• By Triumph13 18th Oct 16, 4:46 PM
    • 714 Posts
    • 656 Thanks
    Triumph13
    • #6
    • 18th Oct 16, 4:46 PM
    • #6
    • 18th Oct 16, 4:46 PM
    You'll find the whole exercise much simpler and the answers much more meaningful if you do it all in today's money rather than having to keep increasing everything by inflation and then needing to strip the inflation back out again to understand what any of the answers mean.
    On your assumptions that would mean you worked with 2% investment growth and SP shrinking by 0.5% pa. I use different assumptions, but each to their own on that one.
    • westv
    • By westv 18th Oct 16, 5:15 PM
    • 4,064 Posts
    • 1,719 Thanks
    westv
    • #7
    • 18th Oct 16, 5:15 PM
    • #7
    • 18th Oct 16, 5:15 PM
    You'll find the whole exercise much simpler and the answers much more meaningful if you do it all in today's money rather than having to keep increasing everything by inflation and then needing to strip the inflation back out again to understand what any of the answers mean.
    On your assumptions that would mean you worked with 2% investment growth and SP shrinking by 0.5% pa. I use different assumptions, but each to their own on that one.
    Originally posted by Triumph13
    Or, based on the way I would do SP increase, there wouldn't need to be any increases apart from the 2% investment growth.
    • Lois and CK
    • By Lois and CK 18th Oct 16, 6:38 PM
    • 537 Posts
    • 719 Thanks
    Lois and CK
    • #8
    • 18th Oct 16, 6:38 PM
    • #8
    • 18th Oct 16, 6:38 PM
    Thanks everyone for all the tips. That's very useful.
    • pandora205
    • By pandora205 18th Oct 16, 6:56 PM
    • 2,737 Posts
    • 2,590 Thanks
    pandora205
    • #9
    • 18th Oct 16, 6:56 PM
    • #9
    • 18th Oct 16, 6:56 PM
    Retire Easy does it for you - or at least it worked for me. There was one aspect of my finances that I couldn't work out what to do but a quick email to their support sorted it out.
    somewhere between Heaven and Woolworth's
    • Lois and CK
    • By Lois and CK 18th Oct 16, 7:08 PM
    • 537 Posts
    • 719 Thanks
    Lois and CK
    Thanks Pandora. I'm going to have a play with that this weekend :-)
    • pandora205
    • By pandora205 18th Oct 16, 7:37 PM
    • 2,737 Posts
    • 2,590 Thanks
    pandora205
    It takes a while to enter everything in, checking figures etc but the results are very useful. You can play with the information, such as retiring at different ages and saving different amounts to see the impact. I think its really useful though my situation is quite simple (having a defined benefit pension and AVCs rather more complex arrangements).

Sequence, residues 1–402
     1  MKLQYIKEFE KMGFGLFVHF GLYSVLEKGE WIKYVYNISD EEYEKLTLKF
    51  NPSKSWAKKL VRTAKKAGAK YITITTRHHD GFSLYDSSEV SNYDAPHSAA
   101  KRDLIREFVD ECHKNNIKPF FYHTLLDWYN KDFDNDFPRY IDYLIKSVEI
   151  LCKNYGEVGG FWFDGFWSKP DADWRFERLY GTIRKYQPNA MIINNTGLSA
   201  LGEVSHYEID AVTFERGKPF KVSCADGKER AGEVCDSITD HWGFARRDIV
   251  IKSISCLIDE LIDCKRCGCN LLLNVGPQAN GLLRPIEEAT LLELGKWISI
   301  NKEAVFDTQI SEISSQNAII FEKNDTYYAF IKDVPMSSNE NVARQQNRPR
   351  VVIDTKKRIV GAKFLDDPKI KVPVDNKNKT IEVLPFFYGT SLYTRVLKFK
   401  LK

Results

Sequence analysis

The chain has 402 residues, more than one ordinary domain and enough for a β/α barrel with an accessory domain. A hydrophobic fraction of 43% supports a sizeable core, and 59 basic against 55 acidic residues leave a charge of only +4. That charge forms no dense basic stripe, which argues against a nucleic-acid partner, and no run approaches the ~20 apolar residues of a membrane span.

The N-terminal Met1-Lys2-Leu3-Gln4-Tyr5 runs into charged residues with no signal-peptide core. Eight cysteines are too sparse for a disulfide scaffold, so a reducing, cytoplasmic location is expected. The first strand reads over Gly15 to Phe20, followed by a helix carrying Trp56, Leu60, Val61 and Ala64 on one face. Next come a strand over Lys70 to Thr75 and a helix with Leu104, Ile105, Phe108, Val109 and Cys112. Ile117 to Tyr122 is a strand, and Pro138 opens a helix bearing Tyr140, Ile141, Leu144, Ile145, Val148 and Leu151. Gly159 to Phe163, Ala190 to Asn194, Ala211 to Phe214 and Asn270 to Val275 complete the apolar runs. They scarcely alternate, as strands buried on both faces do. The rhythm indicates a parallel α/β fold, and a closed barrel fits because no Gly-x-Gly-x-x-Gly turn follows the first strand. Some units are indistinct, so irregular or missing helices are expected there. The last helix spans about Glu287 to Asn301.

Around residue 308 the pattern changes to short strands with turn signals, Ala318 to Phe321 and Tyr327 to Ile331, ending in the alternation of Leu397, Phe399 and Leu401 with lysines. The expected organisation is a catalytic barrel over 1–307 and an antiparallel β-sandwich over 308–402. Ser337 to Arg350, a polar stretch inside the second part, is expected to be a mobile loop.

somewhere between Heaven and Woolworth's
    • ukdw
    • By ukdw 19th Oct 16, 4:56 AM
    • 8 Posts
    • 2 Thanks
    ukdw
    When you say that your state pension column kicks in at 67 - do the values only start at age 67, or does the growth start from now, with the drawdown kicking in at 67?

    Whilst I see the benefits of removing inflation and corresponding growth from the calculations - I favour leaving them in my version of your spreadsheet because a) I intend to use my spreadsheet as a long term tracker too b) If a large percentage of annual drawdown is expected to come from the annual growth of the pot in the early years, then I wonder whether you would lose some of this aspect if you reduce growth by the whole inflation percentage amount?
  • jamesd
    Neither of those is really a reason not to use after inflation growth.

    There is one reason not to use inflation, though: a plan to pay off an interest only mortgage. If you use today's money throughout you'll also be increasing your mortgage balance by inflation each year. Since it stays the same that means you'll have too much in your plan to repay it. You can deal with that by using negative inflation just for the mortgage portion.

    I tend to use cfiresim for main planning because it handles the sequence of returns risk issue.
    Last edited by jamesd; 19-10-2016 at 5:10 AM.
    • Triumph13
    • By Triumph13 19th Oct 16, 8:20 AM
    • 714 Posts
    • 656 Thanks
    Triumph13
    Whilst I see the benefits of removing inflation and corresponding growth from the calculations - I favour leaving them in my version of your spreadsheet because a) I intend to use my spreadsheet as a long term tracker too